A new method to quantify demand on the upper extremity during manual wheelchair propulsion

Arch Phys Med Rehabil. 2004 Jul;85(7):1151-9. doi: 10.1016/j.apmr.2003.10.024.


Objective: To use an ergonomics-based rating that characterizes both demand on, and capacity of, upper-extremity muscle groups during wheelchair propulsion to help identify the muscle groups most at risk for pain or overuse injury in a relatively demanding wheelchair propulsion task.

Design: Case series.

Setting: Biomechanics research laboratory.

Participants: Sixteen manual wheelchair users with complete (American Spinal Injury Association grade A) T6-L2 paraplegia.

Interventions: Not applicable.

Main outcome measures: Internal peak joint moments required by each of the major upper-extremity muscle groups for propelling a wheelchair up a ramp; isometric strength of each of the muscle groups in positions simulating wheelchair propulsion; and wheelchair propulsion strength rating (WPSR) for each muscle group, calculated by normalizing the joint demands to their capacity.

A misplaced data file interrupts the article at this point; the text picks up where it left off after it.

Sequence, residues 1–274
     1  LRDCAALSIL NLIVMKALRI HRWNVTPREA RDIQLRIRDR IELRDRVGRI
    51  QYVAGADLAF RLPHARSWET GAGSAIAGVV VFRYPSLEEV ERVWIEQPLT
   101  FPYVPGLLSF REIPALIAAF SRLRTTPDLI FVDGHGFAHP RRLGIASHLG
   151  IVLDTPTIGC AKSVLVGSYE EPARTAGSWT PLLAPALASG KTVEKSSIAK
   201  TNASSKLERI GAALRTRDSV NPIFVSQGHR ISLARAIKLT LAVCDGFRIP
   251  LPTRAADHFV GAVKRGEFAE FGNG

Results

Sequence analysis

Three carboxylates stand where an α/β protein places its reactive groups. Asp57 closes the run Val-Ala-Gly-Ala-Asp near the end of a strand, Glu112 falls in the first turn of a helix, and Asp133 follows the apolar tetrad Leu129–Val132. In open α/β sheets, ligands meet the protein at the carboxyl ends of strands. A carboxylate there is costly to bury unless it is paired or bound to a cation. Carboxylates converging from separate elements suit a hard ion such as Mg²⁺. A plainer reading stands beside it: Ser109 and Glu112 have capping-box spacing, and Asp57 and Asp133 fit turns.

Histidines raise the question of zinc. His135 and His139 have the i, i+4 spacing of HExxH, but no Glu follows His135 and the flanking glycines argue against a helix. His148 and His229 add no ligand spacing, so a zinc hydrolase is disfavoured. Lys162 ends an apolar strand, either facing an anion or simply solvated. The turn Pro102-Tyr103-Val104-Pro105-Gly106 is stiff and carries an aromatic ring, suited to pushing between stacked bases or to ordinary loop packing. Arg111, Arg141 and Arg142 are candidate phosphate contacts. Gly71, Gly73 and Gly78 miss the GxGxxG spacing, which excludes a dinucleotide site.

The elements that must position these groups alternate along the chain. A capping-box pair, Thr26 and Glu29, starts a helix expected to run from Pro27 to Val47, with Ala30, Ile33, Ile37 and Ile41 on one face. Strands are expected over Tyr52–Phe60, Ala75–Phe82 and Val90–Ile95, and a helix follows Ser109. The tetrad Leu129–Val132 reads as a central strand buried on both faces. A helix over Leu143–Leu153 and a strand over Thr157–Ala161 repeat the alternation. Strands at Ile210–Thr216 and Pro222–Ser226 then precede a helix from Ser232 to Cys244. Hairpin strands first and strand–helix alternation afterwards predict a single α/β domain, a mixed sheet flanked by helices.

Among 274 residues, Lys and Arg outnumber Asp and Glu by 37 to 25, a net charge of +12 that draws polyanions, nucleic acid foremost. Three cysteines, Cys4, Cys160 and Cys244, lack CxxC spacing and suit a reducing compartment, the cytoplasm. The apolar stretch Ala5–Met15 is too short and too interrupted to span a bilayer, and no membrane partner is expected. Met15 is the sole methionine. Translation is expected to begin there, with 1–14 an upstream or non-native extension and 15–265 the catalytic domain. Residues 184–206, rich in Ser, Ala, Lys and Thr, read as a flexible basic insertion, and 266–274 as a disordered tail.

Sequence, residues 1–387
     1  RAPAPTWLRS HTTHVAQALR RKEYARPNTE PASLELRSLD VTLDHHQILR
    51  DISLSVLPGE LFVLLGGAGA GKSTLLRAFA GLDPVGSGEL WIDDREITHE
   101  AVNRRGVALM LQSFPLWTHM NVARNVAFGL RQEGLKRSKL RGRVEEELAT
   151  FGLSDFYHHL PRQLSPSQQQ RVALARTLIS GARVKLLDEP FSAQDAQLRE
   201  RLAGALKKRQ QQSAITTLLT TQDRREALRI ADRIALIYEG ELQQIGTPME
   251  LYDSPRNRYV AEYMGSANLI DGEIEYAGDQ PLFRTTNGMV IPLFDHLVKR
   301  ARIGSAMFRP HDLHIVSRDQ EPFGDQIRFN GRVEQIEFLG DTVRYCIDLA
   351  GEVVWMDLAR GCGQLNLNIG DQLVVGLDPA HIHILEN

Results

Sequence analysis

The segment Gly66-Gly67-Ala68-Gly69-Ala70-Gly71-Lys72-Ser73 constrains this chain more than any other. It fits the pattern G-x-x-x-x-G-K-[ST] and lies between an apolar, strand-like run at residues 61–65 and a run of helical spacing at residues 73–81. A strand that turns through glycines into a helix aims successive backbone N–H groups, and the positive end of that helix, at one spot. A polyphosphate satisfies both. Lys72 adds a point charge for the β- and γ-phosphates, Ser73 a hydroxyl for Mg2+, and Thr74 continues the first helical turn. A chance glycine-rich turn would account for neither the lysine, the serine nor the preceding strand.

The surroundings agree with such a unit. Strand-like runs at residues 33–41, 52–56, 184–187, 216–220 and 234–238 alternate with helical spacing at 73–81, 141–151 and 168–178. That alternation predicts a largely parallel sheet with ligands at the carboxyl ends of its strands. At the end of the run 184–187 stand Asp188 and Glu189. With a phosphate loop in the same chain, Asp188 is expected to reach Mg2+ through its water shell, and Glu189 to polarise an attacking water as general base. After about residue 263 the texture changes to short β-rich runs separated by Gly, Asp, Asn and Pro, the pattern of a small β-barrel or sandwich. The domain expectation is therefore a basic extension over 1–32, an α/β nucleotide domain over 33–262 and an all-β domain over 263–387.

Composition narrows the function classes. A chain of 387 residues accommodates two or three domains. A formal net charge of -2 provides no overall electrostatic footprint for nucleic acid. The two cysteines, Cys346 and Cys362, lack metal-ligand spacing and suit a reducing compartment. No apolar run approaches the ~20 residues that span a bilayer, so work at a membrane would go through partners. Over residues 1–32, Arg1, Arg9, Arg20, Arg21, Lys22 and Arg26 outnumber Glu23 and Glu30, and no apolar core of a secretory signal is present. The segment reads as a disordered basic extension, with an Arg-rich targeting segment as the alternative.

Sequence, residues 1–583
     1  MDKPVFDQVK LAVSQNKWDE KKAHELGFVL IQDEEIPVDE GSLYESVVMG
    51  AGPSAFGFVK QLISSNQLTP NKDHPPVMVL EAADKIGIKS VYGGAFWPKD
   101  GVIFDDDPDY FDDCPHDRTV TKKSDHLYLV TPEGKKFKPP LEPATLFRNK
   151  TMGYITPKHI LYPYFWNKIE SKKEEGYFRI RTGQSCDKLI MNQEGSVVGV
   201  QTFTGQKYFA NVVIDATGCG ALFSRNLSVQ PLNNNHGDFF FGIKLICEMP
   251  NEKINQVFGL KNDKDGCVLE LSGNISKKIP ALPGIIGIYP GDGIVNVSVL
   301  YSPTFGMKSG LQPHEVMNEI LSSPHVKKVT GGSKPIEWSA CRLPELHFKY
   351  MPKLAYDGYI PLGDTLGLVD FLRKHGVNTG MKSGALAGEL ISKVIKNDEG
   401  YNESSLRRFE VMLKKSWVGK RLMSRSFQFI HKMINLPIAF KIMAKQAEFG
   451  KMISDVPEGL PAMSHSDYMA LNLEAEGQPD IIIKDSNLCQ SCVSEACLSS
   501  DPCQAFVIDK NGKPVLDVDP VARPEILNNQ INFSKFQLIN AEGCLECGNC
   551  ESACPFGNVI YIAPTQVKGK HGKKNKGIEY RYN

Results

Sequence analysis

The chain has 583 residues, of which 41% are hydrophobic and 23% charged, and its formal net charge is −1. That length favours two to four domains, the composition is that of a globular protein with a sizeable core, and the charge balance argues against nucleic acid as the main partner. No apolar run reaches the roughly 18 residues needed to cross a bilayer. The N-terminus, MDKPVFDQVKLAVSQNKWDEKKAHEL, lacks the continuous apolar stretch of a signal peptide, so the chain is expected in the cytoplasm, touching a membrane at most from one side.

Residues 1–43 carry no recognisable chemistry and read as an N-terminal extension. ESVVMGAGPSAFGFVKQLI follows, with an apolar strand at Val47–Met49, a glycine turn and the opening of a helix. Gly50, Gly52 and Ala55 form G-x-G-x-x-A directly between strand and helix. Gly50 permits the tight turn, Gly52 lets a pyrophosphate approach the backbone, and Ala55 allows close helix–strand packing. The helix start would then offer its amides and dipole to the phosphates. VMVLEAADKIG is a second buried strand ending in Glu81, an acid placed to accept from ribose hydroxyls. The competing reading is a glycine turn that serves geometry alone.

Results: The largest joint moment was for shoulder flexion, at 39.7+/-13.9Nm. Shoulder flexion also accounted for the peak WPSR value of 66.5%+/-20.3%. Supination and pronation movements had low peak moment requirements (3.4Nm, 5.0Nm, respectively) but high WPSR values (41%, 53%, respectively).

Conclusions: Even a relatively benign ramp (2.9 degrees ) places a large demand on the musculature of the upper extremity, as assessed by using the WPSR to indicate muscular demand.

Publication types

  • Research Support, U.S. Gov't, P.H.S.

MeSH terms

  • Adult
  • Arteriovenous Malformations / physiopathology
  • Biomechanical Phenomena
  • Disabled Persons / rehabilitation
  • Female
  • Humans
  • Male
  • Middle Aged
  • Multiple Sclerosis / physiopathology
  • Multiple Sclerosis / rehabilitation
  • Paraplegia / physiopathology*
  • Paraplegia / rehabilitation*
  • Shoulder Joint / physiopathology*
  • Spinal Cord Injuries / physiopathology
  • Spinal Cord Injuries / rehabilitation
  • Task Performance and Analysis
  • Wheelchairs*
  • Wrist Joint / physiopathology